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3 Plants To Grow From Kitchen Scraps

October 04, 2019 3 min read

Before you throw out that peach or avocado pit, think about how incredible it would be to have a peach or avocado tree. It would be awesome, right?! Avocados seem to only be skyrocketing in price and store-bought peaches are lacking in flavor compared to freshly picked fruits. Take more control of your food sources and discover the delight and better quality fruits you will get when growing your own. The best part, it costs practically nothing to do.

Grow Peaches 

Next time you're eating a perfect, juicy, delicious peach, don't toss out that pit! When you find one that you enjoy, save it so you can grow your own delectable peaches. Clean off the pit and let it sit for a few days to dry. This makes it easier to break open so you can access the seed inside. A hammer still may be necessary to break that tough pit open, though!


Peach seeds need a cold-stratification germination process. Simply put, they need to be kept cool before being planted to induce germination. Place the seeds in a plastic bag with some moist potting soil and put the bag in the refrigerator. In 1-3 months, they should show little green sprouts. The time it takes depends on the variety of peach and the viability of the seed. The only way to know is to plant them! 

Once they've sprouted, they can be planted in pots or the ground. The best time to plant peaches outside is in the early spring, about a month before the last frost. The sprouts can be kept in the refrigerator until you are ready to plant them.

peaches pit

Grow Ginger

Grocery store ginger is called ginger root for a reason. The root, or actually rhizome, just needs a little encouragement for it to produce more. Choose an organic ginger root to ensure it hasn't been treated with any anti-sprouting chemicals. Choose a ginger root that has nodes that look like they will sprout, or better yet, find one that is already starting to bud.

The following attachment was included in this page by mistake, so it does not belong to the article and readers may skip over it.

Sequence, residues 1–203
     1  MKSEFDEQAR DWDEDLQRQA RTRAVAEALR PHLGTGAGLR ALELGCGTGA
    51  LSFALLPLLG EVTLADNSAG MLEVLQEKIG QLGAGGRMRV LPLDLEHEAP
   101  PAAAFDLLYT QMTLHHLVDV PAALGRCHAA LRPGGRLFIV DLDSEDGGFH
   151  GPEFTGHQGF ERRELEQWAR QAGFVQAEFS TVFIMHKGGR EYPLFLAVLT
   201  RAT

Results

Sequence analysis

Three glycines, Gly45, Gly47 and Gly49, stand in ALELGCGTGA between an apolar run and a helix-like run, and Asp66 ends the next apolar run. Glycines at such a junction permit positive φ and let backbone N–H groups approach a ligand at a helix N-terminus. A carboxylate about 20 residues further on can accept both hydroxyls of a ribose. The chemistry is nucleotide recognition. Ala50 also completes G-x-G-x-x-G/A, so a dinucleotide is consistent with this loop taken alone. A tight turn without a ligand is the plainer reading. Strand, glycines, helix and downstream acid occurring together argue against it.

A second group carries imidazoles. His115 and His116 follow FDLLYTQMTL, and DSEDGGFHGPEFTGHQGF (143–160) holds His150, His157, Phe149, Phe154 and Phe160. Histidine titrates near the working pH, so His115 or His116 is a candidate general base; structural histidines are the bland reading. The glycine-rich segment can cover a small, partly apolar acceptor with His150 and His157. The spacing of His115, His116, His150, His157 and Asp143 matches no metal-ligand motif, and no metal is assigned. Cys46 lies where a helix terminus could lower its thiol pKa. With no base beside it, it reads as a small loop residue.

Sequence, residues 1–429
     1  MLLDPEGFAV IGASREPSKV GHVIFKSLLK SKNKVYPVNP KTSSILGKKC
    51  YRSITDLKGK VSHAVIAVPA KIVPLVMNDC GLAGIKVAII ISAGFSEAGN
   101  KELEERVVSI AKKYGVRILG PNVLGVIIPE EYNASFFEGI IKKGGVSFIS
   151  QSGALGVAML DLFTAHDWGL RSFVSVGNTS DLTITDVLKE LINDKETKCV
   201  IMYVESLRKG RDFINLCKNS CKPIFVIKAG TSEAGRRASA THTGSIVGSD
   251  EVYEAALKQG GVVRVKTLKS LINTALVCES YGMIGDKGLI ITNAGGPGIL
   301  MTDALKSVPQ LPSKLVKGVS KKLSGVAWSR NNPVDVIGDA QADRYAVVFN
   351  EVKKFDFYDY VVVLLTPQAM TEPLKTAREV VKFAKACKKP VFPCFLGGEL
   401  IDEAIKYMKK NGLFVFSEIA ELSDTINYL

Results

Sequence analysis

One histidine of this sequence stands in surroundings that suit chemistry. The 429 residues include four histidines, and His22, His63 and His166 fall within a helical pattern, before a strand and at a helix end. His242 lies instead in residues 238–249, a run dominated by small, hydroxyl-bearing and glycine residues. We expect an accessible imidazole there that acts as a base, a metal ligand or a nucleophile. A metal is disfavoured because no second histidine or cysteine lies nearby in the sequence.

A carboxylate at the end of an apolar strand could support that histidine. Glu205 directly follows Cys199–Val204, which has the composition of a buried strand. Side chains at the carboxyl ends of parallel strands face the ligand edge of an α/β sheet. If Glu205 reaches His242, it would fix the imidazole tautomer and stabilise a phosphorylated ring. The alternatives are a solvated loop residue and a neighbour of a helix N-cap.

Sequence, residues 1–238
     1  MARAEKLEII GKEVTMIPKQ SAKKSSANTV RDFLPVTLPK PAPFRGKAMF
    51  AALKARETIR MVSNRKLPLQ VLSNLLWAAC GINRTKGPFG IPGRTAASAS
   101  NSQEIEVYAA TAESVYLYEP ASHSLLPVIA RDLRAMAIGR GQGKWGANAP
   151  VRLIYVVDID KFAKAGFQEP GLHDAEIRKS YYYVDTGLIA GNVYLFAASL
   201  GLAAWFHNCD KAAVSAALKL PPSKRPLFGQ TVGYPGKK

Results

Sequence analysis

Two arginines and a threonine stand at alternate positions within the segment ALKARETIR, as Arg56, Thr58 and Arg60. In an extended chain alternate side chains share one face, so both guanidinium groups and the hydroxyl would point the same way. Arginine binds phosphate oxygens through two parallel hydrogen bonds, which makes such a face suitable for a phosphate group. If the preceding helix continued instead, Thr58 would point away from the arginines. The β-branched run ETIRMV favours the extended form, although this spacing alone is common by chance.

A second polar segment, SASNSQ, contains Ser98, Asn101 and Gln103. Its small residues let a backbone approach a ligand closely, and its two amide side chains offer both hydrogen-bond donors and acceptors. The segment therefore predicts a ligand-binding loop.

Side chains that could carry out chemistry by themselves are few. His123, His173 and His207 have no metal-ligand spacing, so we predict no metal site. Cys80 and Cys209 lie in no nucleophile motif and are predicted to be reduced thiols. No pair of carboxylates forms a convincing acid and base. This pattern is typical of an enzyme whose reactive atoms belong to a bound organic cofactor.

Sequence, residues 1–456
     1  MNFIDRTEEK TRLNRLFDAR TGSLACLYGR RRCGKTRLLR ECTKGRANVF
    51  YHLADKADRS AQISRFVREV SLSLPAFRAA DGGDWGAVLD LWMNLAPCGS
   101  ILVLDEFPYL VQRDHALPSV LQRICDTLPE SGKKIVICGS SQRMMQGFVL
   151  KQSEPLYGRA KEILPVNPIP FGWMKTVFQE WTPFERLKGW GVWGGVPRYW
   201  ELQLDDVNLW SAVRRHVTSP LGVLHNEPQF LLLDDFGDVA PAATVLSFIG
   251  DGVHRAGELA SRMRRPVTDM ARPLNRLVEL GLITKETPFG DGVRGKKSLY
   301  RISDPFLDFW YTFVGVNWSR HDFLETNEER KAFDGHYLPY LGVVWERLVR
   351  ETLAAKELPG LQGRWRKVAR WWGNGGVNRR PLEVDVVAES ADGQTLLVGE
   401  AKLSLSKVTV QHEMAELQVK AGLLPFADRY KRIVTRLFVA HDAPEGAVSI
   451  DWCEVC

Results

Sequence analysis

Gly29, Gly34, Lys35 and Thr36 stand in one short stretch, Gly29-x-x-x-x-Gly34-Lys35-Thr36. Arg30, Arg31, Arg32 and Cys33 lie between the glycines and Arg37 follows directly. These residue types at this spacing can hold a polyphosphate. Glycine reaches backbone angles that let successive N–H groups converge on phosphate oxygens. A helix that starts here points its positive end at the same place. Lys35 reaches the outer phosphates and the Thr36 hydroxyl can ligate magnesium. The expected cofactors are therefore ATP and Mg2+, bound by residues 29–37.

ginger sprout

Keep the ginger on the counter in a nice sunny spot until the nodes begin sprouting; this can take several weeks. The nodes are light green and will swell up making them quite obvious and different from the root. 

When the nodes sprout, cut each one off the root, letting the cut ends heal for a couple of hours before planting. Fill a container with good potting soil and place the node on top of the soil. Cover the sides with the soil being careful that the top is not entirely covered. The tip of the node needs to be close to the surface. Water it consistently and keep a humid environment. Ginger comes from the tropics. A well-lit bathroom windowsill is a great place to place this plant. 

Each fall, harvest the roots by digging them up. It generally takes 8-10 months for the plant to be full-grown but you can harvest it at any time. Set aside a few to replant and you'll have lots of fresh ginger.

ginger plant

Grow Avocados

Contrary to the popular videos and DIY tutorials about sticking toothpicks into avocados and suspending them over water, there is a much easier way. Avocados are designed to sprout when they fall from the tree, which means, they want to be in soil growing. The key is not to let the pits dry out. 

avocado pit

Do not remove the pit from the avocado until you are ready to plant it. Or, if it must be removed early, place it in a cup of water and change the water daily until you are ready to plant it. Plant a bunch of pits at a time since there is no guarantee which ones will sprout. A lot will depend on where it came from, the variety, and whether it was treated with anything. Organic is always best. 

An avocado has sides, a rounded and a flat side. The flatter side is where the roots emerge from. Fill a container with potting soil and place the pit in with the flatter side down so the roots will be facing downwards. Cover the pit with a few inches of potting soil and water it well. Keep it consistently watered (wet but not soggy) in a warm, sunny location. In 1-2 months, the sprouts will emerge and can be moved to a bigger container or planted outdoors.

If you live in a cold winter location, sadly, it is unlikely the plant will produce fruit. It is still a beautiful tree, though, and absolutely worth the effort to plant since it's so easy.

avocado plant

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